Understand projections

You will not find a projection that is suitable for all maps. All projections distort the earth in some way. Each one seeks to preserve some geometric property at the expense of others.

Projection types

Conformal projections preserve angles locally, so the shapes of features appear true. But the cost of this quality is the distortion of areas and distances. Equal area projections preserve area, at the expense of angles, so the shapes of some places appear skewed. Equidistant projections preserve distances, although only from certain points or along certain lines on the map.

Stereographic, Azimuthal Equidistant, and Lambert Azimuthal Equal Area projections, each centered on the equator
Three maps, drawn with examples of conformal, equal area, and equidistant projections, overlaid with geodesic circles that demonstrate geometric distortions.

Compromise projections provide a representation of the earth that is not perfectly correct in any way but not badly distorted in any way either. They are usually used for maps of the entire world.

There are dozens of projections available in ArcGIS that can be configured into countless projected coordinate systems. Your choice of a projected coordinate system depends on many factors, including the part of the world you are mapping, the scale of your map, and the purpose of your map. You want to choose a projected coordinate system in which the places and properties that are most important to your map are the least distorted.


Map global analysis results

Map projections distort the grid of latitude and longitude lines, which means they also distort your data. You've taken great care to conduct an analysis of future precipitation changes properly and precisely. Next, you need to present your results on a map. You want to choose a projection that will allow you to present those results clearly, so they are not misinterpreted.

Find a global equal area projection

First, you'll explore a few traditional resources to help you find a suitable projection for your analysis results.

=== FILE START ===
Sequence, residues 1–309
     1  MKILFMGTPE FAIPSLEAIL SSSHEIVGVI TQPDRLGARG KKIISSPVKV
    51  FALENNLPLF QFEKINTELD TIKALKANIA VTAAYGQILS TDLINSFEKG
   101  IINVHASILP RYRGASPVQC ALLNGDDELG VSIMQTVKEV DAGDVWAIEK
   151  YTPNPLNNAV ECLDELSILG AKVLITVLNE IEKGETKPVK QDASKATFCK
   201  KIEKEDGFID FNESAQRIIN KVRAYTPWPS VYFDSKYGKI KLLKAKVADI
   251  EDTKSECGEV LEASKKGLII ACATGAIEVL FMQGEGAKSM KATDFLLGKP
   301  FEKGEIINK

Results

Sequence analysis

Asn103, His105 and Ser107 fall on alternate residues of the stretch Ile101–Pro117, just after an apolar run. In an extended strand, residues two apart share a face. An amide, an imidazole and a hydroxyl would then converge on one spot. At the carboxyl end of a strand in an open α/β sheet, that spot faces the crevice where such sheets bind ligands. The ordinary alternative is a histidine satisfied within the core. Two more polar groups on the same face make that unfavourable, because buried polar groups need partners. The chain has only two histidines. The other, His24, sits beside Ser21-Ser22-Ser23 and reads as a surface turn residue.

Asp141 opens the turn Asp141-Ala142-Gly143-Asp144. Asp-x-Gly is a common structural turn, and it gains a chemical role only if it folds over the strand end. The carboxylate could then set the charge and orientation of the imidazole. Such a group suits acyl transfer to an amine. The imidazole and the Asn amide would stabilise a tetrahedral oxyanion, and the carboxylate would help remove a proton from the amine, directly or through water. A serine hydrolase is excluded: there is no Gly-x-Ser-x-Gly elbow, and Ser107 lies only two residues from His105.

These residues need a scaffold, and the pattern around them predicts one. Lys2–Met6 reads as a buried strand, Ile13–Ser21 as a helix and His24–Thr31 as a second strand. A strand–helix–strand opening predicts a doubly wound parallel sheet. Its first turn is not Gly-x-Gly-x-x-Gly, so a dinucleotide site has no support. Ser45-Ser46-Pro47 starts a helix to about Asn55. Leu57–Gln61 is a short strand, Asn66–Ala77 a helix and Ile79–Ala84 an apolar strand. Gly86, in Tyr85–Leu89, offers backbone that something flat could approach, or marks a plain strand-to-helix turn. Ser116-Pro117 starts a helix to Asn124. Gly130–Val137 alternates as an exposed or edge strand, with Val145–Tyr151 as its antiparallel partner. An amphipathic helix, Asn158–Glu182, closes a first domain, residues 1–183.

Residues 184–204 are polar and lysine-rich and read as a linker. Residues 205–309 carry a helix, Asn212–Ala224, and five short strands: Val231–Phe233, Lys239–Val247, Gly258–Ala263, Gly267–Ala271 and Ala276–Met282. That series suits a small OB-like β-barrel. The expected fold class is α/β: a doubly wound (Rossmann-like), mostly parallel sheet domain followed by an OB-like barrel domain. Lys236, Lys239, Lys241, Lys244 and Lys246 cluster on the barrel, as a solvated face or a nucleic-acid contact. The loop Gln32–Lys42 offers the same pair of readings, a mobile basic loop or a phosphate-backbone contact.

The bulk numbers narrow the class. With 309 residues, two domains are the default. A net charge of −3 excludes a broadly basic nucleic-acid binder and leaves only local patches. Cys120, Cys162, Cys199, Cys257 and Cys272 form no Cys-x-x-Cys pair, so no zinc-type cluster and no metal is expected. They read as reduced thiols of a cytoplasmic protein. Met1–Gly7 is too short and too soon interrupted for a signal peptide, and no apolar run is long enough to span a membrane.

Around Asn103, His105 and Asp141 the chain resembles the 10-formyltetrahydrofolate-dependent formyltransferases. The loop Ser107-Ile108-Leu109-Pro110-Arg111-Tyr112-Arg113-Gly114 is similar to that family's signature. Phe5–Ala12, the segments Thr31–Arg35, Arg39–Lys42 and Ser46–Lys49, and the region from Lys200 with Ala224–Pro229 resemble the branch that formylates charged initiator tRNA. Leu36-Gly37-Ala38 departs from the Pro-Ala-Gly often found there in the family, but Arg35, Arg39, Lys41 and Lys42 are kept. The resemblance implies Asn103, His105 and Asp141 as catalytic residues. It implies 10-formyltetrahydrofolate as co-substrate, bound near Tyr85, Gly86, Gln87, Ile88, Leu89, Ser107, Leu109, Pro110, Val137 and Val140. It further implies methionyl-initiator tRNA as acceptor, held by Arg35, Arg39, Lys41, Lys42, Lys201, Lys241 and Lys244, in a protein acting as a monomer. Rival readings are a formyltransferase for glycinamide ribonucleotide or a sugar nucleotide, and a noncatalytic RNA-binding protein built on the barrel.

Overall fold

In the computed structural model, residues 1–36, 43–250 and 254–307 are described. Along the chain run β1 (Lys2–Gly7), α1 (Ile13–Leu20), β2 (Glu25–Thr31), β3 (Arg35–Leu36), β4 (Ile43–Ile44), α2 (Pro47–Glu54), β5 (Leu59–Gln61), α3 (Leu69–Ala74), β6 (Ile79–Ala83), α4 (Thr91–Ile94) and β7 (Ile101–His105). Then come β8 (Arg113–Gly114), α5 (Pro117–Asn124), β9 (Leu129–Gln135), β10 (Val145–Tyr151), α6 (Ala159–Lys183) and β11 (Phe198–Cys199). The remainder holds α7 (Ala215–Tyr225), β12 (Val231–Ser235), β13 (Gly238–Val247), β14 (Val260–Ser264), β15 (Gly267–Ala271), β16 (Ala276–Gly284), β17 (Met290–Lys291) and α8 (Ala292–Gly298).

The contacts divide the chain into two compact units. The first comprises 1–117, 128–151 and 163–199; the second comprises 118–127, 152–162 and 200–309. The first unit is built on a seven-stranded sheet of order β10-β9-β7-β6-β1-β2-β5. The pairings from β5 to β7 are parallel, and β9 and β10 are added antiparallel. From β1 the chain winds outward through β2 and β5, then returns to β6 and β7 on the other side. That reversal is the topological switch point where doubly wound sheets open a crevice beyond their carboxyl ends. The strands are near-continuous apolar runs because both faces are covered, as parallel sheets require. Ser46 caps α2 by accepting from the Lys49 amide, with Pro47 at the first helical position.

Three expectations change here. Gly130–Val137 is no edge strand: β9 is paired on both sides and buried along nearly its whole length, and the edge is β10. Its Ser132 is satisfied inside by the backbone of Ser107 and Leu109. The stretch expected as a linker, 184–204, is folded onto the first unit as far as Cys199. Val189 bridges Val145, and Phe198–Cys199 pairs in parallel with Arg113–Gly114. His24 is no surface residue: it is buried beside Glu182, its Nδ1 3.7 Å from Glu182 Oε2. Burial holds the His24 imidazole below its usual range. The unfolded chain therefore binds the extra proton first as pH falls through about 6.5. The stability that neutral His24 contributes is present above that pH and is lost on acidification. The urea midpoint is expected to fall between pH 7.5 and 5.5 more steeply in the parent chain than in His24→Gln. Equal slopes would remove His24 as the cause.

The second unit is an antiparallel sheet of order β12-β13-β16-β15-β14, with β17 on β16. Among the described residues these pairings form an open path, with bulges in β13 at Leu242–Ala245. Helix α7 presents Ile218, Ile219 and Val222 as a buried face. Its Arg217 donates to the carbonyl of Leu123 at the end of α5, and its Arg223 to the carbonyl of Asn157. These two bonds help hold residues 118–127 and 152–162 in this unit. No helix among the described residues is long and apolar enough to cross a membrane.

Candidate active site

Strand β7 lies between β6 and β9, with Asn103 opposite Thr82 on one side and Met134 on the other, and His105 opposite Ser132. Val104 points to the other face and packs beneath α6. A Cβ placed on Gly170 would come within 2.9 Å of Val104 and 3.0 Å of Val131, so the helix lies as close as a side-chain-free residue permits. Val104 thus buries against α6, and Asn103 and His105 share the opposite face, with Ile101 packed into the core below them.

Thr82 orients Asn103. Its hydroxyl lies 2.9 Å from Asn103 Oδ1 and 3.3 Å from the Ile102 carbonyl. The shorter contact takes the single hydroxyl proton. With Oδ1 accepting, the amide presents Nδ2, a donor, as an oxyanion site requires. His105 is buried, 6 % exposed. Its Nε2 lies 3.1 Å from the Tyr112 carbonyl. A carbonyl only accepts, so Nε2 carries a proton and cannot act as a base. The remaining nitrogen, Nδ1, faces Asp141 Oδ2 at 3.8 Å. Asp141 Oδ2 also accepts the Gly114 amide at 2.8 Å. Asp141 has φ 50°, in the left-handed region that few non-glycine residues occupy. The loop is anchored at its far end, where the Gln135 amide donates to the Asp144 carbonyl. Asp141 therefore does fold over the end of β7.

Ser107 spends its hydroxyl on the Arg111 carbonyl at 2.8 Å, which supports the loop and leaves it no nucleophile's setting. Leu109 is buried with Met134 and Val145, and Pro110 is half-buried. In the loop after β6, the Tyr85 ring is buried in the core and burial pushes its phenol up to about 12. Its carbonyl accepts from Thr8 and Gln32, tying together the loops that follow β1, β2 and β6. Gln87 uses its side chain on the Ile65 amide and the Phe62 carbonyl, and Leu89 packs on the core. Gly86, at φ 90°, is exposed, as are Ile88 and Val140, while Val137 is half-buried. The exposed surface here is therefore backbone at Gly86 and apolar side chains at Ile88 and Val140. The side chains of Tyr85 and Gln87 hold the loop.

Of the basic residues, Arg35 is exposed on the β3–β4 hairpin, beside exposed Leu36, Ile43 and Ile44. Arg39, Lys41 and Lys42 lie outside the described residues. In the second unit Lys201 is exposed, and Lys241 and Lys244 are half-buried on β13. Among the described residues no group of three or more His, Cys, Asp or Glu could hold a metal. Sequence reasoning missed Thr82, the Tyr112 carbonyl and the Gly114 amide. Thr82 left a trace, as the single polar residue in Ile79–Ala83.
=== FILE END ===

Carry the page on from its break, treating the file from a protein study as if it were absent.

1. Download the Projections project package.
  2. Locate the downloaded Projections.ppkx file on your computer. Double-click the file to open it in ArcGIS Pro. If prompted, sign in to your ArcGIS Online or ArcGIS Enterprise account.
    Note:

    If you don't have ArcGIS Pro or an ArcGIS account, you can sign up for an ArcGIS free trial.

    The project has three maps. The Precipitation Change map is active.

    Global precipitation data displayed in the Web Mercator projection

    The data on this map shows predicted precipitation anomalies for the years 2040 to 2059. The green areas are predicted to have more precipitation in the future compared to historic averages. The brown areas are predicted to experience less.

    First, you'll find out which projection this map is using.

  3. In the Contents pane, right-click Precipitation Change and choose Properties.

    Properties option in the map's context menu

  4. In the Map Properties window, click the Coordinate Systems tab.

    Under Current XY, you can see that the current coordinate system for this map is WGS 1984 Web Mercator (auxiliary sphere).

    Current XY coordinate system in the Map Properties window

    Web Mercator is a common projected coordinate system designed for web mapping applications. Most of Esri's basemaps are tiled in Web Mercator, so they can have the greatest compatibility. However, this projection does not preserve areas, distances, or angles.

  5. In the Map Properties window, click Cancel.

    Looking at this map, you may think that Greenland is many times larger than India. In fact, Greenland is slightly smaller than India. If the Web Mercator projection distorts the relative sizes of countries so dramatically, you know that it must also be distorting your analysis results.

    This map suggests that the areas that will experience the most extreme change in precipitation are a relatively small portion of the earth, just a narrow band along the equator. Web Mercator is not an appropriate choice for this map. Next, you'll consult a chart that compares projections to find one that is appropriate for your map.

  6. Open Quick Notes on Map Projections in ArcGIS.

    Part of the Quick Notes on Map Projections in ArcGIS chart

    The property that is most important to preserve in your precipitation map is area. This is true for most maps presenting analysis results involving area, density, or distance comparisons.

  7. Use the chart to find a projection that meets the following criteria:
    • Properties: Equal Area
    • Suitable Extent: World
    • General Purpose: Thematic

    There are a few projections that are suitable for your map. One of them is Equal Earth.

    Highlighted columns in the map projections chart

  8. Go to the ArcGIS Pro help page for the Equal Earth projection. Scroll down and read the Usage section.

    You can read about any projection found in ArcGIS to help you decide which is best for your map.

Change the map's projected coordinate system

You've decided to use the Equal Earth projection. Next, you'll apply it to your Precipitation Change map.

  1. In ArcGIS Pro, in the Contents pane, double-click Precipitation Change to open the Map Properties window.